Trustworthy Timepieces

Status: Completed — Dozens Made


Terry Pratchet's Discworld series presents a ruler-figure of sorts named Lord Vetinari (Disclaimer: I've never read any Discworld book). He has a clock in his waiting room which stands as inspiration to anyone with sufficient appreciation for the ridiculous. The regular tick of a clock is annoying enough to many, but this one has an irregular, random tick. That is the extent to which I know anything about the original inspiration for this project. To make a short story shorter, I want just such a clock and I saw it as an interesting challenge and one that might also make a nice beginner project for friends and students trying to get started in the field.

Getting Started

So first, get a clock with a “seconds” hand. Dollarama in Canada has them. Some are decent, some are crap. It's hard to tell which are which, but the investment is small in any case. I think the Lebron James ones are particularly classy machines. Unfortunately our own Dollar Tree doesn't stock clocks, which is a serious human rights violation. I don't have any of my clocks with me as I write this, so I will simply hope to add better pictures later.

However your clock is held together, take it apart and get that little black box with the gears and the battery out. Take it apart and you'll find a coil inside with some fine wire on it. When you apply some voltage to the two leads of the coil, a magnetic field is created proportional to the current. At first, this is driven by some IC usually covered in a blob of glue. To deal with this, we could intuitively just cut the wires and attach them to our own circuit. That sucks though because it's really easy to melt those wires and it's nice to have them supported by the PCB. Just cut the traces on the PCB and solder some small wires (I used 30AWG wrapping wire so I could easily attach the other end) near where the coil wires are attached. Put the clock back together with those wires hanging out and you're practically a millionaire. You can just apply pulses to those wires and the clock will tick.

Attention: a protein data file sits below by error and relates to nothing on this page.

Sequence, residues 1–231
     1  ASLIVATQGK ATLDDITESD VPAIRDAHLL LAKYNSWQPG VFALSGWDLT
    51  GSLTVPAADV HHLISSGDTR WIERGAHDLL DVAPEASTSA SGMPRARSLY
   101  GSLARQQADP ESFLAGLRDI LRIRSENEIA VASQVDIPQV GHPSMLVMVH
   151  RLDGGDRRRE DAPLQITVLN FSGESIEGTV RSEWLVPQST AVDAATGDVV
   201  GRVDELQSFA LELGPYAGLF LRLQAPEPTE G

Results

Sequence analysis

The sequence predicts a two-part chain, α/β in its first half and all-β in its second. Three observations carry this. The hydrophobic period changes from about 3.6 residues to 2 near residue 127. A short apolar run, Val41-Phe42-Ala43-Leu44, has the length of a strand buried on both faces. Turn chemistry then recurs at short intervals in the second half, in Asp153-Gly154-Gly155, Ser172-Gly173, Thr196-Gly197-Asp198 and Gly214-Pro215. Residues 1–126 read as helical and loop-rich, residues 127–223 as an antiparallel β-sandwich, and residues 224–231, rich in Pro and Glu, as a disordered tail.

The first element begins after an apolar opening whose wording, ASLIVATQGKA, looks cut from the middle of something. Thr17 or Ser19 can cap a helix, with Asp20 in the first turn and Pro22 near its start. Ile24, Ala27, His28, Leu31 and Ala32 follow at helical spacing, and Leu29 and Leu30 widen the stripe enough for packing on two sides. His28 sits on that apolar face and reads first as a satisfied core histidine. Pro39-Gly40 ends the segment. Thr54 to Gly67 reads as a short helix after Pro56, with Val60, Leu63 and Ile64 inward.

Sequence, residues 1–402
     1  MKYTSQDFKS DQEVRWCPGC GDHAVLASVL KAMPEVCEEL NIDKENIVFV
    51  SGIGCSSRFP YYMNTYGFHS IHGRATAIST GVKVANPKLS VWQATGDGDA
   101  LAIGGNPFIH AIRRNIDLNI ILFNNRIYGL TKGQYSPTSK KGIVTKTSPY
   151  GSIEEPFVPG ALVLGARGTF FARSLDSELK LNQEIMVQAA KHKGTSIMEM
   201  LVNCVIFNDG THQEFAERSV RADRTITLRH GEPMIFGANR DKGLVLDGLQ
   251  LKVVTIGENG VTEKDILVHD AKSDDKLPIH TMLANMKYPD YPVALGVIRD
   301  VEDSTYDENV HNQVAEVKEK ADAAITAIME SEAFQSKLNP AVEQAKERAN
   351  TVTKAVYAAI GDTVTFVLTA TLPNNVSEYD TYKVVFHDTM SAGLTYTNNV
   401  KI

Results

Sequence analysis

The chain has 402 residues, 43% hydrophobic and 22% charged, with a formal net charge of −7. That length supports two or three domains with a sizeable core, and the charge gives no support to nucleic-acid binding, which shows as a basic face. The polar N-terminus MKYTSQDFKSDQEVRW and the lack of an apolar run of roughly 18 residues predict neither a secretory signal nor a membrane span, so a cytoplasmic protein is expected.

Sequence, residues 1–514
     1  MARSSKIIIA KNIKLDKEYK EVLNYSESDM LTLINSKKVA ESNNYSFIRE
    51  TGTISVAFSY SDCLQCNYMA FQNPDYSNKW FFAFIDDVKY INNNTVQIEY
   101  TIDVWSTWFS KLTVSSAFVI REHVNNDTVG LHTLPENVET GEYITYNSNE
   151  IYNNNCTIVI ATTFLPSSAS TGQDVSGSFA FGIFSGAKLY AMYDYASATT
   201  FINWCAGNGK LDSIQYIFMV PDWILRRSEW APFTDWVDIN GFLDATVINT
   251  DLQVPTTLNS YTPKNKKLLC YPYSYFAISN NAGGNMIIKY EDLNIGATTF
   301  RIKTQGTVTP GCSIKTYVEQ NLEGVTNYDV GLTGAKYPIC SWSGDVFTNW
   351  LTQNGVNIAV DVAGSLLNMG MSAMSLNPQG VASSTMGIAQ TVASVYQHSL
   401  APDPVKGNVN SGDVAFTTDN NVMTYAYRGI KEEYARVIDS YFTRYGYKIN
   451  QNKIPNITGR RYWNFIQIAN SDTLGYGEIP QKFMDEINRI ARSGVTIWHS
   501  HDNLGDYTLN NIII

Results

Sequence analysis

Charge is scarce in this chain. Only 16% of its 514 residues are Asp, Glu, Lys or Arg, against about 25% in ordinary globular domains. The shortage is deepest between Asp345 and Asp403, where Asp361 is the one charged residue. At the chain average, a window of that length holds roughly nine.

To drive it, an easy solution was to grab one of those $4.30 MSP430 development boards (Launchpad?). They come with debug circuitry and a 32.768kHz crystal to make sure you keep accurate time. The coil require alternating pulses, meaning that you need two GPIO pins (or possibly just a series capacitor -- I didn't bother playing with that). The firmware I've written is hosted here and works for the 4.0 branch of MSPGCC. It could be ported to other hardware quite easily if you know the hardware well enough.

Random Ticking

The process of generating random ticks in software is really simple. First, random numbers are needed. To get a pseudo-random seed, I used two oscillators: the imprecise 16MHz internal RC oscillator which is very sensitive to voltage variations and the 32kHz crystal which is a lot more stable. Counting a second on the 32kHz crystal, I read the value mod 65536 (16-bit timer) counted by the RC oscillator. For each successive random number from the seed, I use Marsaglia's multiply-with-carry method because it's cheap and easy.

To drive the random ticking, I took the easy way out. Eight times per second, the CPU wakes up and decides, with 1 in 8 probability, whether or not to tick. Errors are tracked, forcing a tick if the clock gets behind by more than 30 seconds and similarly inhibiting ticks if it is ahead by more than 30 seconds. After each tick, a second timer is started in order to clear the output between ticks. The optimal timing for this is dependent on the clock. The other option is the DC blocking capactitor mentioned earlier, but it seems easier to deal with it in software...

For some clocks, I've found that you can make the ticks faster, supporting up to 16 ticks per second. You can adjust it pretty easily in the code I've provided.

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